Some clad in street clothes and others in navy scrubs, University of Virginia School of Nursing students peer into one another’s ears, noses and throats, palpate one another’s livers, and listen for irregular heartbeats. Graduate students gently nudge central lines into pulsating, life-like chests just under the collarbone, and practice placing sutures across lacerations on pigs’ feet. Undergraduates don and doff protective gear as they learn the highly controlled entrance and exit procedures of an isolation unit.
From down the hall come the cries of a fevered baby with bronchiolitis. In another room, a huge variety of simulated body parts are catheterized, their wounds dressed and IV drips placed. One room over, Noelle, an expectant mother, is giving birth. Again.
After more than a year of coursework, students begin putting their nascent nursing skills to the test in the 9,200-square-foot Mary Morton Parsons Clinical Simulation Learning Center. The facility offers a starting point where nursing students can practice what they’ve learned in the classroom in a controlled, hands-on environment well before moving on to their clinical rotations and living human patients.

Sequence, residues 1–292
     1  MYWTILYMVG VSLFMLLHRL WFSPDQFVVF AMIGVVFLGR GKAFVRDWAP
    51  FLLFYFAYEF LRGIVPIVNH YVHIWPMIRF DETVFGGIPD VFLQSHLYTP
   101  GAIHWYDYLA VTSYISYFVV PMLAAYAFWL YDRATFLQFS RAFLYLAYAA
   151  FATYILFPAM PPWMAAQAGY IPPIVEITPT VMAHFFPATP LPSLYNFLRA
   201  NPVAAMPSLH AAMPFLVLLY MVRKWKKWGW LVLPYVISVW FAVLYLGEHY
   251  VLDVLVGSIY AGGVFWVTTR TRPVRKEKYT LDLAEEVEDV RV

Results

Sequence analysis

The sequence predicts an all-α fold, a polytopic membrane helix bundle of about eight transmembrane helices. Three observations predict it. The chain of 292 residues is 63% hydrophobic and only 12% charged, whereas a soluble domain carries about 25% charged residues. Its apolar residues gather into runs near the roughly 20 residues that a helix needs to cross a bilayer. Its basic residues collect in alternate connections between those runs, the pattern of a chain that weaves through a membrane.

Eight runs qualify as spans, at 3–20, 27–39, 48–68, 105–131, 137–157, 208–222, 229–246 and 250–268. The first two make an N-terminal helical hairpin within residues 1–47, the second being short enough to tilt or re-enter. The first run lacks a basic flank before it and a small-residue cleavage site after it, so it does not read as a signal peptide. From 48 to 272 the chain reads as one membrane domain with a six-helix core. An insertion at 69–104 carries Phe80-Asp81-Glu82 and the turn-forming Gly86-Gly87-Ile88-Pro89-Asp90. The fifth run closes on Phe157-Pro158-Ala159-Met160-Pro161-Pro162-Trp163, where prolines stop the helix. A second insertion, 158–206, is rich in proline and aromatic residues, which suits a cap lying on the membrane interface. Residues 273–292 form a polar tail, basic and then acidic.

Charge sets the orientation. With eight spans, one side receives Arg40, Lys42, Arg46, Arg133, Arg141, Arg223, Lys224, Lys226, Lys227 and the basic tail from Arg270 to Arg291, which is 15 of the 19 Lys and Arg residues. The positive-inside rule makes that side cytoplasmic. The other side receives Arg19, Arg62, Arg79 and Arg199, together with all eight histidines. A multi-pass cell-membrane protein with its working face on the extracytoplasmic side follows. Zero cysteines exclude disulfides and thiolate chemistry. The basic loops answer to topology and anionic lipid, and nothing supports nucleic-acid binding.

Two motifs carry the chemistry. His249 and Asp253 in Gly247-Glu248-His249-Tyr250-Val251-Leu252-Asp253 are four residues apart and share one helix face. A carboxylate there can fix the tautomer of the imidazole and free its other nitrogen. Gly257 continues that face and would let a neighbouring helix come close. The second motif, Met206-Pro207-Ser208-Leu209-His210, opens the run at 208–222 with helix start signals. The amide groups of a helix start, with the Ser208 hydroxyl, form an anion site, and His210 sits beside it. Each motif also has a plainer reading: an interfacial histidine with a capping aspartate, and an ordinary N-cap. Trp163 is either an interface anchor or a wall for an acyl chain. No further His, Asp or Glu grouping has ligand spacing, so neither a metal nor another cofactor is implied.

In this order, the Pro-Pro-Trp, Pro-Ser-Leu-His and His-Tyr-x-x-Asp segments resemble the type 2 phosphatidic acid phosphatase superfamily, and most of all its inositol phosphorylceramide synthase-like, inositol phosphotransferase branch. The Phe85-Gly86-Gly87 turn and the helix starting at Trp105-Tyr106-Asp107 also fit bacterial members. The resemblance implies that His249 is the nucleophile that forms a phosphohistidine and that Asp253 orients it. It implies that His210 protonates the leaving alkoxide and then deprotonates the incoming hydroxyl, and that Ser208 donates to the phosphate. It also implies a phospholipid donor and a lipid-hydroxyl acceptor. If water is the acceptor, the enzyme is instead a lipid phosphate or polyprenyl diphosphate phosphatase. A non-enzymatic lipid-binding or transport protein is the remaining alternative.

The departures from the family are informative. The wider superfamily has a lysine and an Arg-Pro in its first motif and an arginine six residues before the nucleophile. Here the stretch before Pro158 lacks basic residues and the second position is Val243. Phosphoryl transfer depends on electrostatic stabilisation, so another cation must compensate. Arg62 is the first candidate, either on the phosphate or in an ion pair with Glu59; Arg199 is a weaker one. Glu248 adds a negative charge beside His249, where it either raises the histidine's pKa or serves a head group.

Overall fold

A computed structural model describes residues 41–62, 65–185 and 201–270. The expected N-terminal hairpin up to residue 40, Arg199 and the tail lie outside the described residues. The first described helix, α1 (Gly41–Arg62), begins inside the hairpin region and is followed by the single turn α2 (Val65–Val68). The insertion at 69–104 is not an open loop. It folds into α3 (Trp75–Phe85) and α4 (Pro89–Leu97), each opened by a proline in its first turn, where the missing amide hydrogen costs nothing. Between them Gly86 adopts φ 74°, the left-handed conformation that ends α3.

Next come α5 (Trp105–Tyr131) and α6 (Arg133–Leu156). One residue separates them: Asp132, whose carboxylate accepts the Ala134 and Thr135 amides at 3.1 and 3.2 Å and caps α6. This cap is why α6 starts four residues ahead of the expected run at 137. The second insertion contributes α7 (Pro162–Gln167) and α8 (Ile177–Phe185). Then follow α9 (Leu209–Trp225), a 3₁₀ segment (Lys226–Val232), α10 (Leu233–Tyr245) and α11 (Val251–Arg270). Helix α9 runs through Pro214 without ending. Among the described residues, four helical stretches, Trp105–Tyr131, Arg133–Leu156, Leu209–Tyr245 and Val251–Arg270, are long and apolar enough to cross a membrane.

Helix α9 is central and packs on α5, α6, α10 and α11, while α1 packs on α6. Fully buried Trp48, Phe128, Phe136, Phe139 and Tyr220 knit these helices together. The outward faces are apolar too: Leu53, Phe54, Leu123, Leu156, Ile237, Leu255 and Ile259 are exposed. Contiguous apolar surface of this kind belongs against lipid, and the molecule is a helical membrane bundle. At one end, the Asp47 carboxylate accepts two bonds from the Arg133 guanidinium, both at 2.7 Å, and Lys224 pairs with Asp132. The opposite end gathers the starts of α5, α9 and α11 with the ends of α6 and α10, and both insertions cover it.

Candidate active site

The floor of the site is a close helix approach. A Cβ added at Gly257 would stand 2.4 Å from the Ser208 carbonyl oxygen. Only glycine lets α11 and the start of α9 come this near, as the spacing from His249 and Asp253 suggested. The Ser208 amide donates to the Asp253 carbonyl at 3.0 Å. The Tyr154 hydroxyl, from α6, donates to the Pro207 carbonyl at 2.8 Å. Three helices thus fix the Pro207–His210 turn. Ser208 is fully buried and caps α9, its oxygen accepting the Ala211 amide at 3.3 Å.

“Given that we cannot instruct students for every eventuality and situation they’ll encounter,” Haugh said, “the simulation center gives students a chance to practice interventions, encourage creativity and facilitate their ability to critically think on their feet during high-fidelity simulations. And though neither the patients nor the situations are real, and there’s no risk, there’s no question that the experiences we offer are very realistic. And our students take them very seriously.”
“No two days are ever alike in the Sim Lab,” Haugh added, “which makes working there a joy for all.”